The Effects of Global Warming on The Environmental Ecosystem

Elijah Nichols, Reporter

The crisis of global warming has become a well-conversed topic among scientists and researchers alike. We, as a society, are slowly harming and killing the planet with greenhouse gases and pollution methods like dumping waste chemicals.

While scientists and ecologists have been involved in the research and management of the environment, they still have to deal with the uncertainty of the several components linked to global environmental changes.

Multiple studies have proven that global warming is directly related to humans and human-caused ecological problems.

Humans and their actions are majorly responsible for causing all types of pollution in the environment. Oil spills primarily cause water pollution from big corporations, urban runoff from chemical weed killers, and ocean dumping affecting the lives of animals as well as the coral reefs. Air pollution arises from the burning of fossil fuels, hydraulic fracturing, and gases emitted by vehicles, although carpooling could save that problem.

The environment its self can not destroy itself only people can. A key example is when ecologists look at uncivilized islands or protected areas where the climate is flourishing with beauty and richness. A untampered environment often has a fair balance of creation and destruction.

An ecological study found that the world has hit such a point in environmental destruction that it would take at least ten years to rebuild the environment that humans have destroyed.

Three of the well-documented global changes are increasing concentrations of carbon dioxide in the atmosphere, alterations in the biogeochemistry of the global nitrogen cycle, and ongoing land use/land cover change. These primarily ecological changes all have significant environmental consequences.

“Human activity–now primarily fossil fuel combustion– has increased carbon dioxide concentrations from °280 to 355 mL/L since 1800; the increase is unique, at least in the past 160000 yrs., and several lines of evidence demonstrate unequivocally that it is human-caused this increase is likely to have climatic consequences–and indeed, it has direct effects on biota in all Earth’s terrestrial ecosystems. The global nitrogen cycle has been altered by human activity to such an extent that more nitrogen is fixed annually by humanity (primarily for nitrogen fertilizer, also by legume crops and as a by-product of fossil fuel combustion) than by all-natural pathways combined.” according to the Environmental Society of America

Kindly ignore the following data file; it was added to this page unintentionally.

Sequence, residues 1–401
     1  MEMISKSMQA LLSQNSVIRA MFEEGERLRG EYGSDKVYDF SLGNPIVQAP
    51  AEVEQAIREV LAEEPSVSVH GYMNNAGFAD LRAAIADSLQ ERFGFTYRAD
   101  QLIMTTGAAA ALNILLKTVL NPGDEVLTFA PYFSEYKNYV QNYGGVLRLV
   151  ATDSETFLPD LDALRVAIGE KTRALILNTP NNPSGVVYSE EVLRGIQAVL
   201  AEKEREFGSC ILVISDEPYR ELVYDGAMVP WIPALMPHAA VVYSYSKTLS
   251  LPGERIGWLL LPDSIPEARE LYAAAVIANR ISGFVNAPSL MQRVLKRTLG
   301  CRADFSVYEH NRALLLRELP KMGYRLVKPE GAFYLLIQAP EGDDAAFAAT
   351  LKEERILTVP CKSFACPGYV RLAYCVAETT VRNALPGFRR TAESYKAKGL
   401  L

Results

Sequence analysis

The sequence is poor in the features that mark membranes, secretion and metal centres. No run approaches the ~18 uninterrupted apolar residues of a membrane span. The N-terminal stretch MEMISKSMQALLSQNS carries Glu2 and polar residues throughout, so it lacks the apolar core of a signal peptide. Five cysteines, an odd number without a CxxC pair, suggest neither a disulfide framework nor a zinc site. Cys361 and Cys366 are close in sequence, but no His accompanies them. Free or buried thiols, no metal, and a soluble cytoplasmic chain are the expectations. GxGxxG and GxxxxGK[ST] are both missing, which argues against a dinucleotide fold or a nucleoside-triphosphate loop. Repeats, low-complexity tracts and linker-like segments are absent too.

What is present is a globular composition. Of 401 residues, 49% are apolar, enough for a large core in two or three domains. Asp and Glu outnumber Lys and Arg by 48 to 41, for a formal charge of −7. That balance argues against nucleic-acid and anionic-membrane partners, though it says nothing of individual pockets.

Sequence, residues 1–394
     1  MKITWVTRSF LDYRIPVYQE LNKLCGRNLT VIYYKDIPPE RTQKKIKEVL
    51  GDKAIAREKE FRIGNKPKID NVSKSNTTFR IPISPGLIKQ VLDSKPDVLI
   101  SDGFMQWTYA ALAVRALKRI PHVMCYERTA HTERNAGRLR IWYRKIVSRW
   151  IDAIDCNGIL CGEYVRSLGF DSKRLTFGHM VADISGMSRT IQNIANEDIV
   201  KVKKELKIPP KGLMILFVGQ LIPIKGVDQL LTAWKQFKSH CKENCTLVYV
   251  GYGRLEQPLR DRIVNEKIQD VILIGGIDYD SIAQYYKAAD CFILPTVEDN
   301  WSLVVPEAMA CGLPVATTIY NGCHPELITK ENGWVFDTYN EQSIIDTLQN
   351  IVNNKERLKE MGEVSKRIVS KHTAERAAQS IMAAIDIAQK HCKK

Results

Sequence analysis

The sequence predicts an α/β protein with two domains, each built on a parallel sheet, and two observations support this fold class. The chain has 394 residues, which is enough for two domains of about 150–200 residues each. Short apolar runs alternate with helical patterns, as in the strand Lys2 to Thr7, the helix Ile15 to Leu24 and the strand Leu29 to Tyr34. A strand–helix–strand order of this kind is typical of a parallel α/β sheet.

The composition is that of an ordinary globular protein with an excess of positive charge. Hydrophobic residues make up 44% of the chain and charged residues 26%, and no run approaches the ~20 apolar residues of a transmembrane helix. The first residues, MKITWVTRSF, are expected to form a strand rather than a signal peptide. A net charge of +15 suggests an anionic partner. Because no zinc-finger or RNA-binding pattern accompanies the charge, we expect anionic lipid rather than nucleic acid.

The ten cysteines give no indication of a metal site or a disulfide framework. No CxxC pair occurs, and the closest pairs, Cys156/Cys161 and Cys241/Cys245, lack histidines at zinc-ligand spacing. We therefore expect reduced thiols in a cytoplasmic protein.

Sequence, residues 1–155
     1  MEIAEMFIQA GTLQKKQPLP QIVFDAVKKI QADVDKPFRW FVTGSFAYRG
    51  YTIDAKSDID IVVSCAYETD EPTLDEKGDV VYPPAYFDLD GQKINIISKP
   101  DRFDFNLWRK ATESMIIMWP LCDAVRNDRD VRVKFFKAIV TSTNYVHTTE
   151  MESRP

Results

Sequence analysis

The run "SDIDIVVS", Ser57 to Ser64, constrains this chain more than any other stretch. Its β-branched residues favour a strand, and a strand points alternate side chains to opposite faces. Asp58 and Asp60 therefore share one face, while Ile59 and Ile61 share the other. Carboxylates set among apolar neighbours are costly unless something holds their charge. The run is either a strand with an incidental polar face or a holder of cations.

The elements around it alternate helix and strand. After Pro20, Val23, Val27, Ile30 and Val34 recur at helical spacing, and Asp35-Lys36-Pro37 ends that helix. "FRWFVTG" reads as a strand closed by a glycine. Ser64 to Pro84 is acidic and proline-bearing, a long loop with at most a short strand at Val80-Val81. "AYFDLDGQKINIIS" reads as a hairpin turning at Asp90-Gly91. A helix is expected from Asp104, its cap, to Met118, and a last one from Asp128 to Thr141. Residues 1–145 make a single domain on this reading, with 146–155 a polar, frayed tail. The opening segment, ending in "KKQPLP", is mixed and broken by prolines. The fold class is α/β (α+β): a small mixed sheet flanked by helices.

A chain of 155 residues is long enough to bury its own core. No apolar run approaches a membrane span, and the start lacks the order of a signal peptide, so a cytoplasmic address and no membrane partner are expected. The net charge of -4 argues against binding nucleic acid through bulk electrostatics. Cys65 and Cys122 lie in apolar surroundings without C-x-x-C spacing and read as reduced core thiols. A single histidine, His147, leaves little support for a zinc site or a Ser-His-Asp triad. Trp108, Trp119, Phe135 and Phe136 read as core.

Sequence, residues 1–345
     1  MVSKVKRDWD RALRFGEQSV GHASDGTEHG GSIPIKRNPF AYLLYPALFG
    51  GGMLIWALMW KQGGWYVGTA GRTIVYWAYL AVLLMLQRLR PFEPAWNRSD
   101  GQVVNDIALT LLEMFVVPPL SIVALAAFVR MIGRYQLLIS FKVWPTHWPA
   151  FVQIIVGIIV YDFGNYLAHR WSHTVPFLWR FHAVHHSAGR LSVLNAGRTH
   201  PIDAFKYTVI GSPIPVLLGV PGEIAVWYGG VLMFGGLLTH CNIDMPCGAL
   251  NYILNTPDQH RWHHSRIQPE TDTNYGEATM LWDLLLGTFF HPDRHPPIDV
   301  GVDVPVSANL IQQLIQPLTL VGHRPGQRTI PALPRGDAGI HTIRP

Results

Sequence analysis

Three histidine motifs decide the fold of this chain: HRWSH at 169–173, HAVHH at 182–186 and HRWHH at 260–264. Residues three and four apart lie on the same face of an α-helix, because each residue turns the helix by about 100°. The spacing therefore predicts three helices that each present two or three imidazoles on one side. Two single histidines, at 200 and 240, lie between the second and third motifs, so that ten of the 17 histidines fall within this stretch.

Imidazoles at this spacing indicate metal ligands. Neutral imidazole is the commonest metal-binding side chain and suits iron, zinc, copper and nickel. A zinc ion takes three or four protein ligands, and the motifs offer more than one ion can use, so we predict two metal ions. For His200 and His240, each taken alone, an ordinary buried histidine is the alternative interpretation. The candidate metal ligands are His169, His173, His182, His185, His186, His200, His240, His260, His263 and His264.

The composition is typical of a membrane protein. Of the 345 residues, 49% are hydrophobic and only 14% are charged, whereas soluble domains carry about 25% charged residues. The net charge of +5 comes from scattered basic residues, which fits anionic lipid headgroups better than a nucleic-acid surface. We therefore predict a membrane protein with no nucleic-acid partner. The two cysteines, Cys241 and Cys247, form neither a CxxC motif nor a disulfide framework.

The ecosystem that has been hit the hardest is the oceanic ecosystem. The fish and other sea creatures are starting to hit their thermal limits. What’s going to do the damage to fish in the ocean are extreme events when temperatures spike for a month or two. Even if the temperatures return to normal, the damage is done for the next ten years

This added nitrogen alters the chemistry of the atmosphere, and aquatic ecosystems contribute to eutrophication of the biosphere and have substantial regional effects on biological diversity in the most affected areas. Finally, human land use/land cover change has transformed one.

Earth’s ice-free surface. The warming is deteriorating the polar caps, which is causing the ecosystem to have more inconsistent and fluctuating temperatures.

“More than 100 countries have adopted a global warming limit of 2 °C or below (relative to pre-industrial levels) as a guiding principle for mitigation efforts to reduce climate change risks, impacts, and damages. However, the greenhouse gas (GHG) emissions corresponding to specified maximum warming are poorly known owing to uncertainties in the carbon cycle and the climate response.” according to a Harvard Journal

Human existence and the course of our choices have proved to contribute immensely to the warming and destruction of the Earth. If we do not take care of the Earth there will be no Earth left.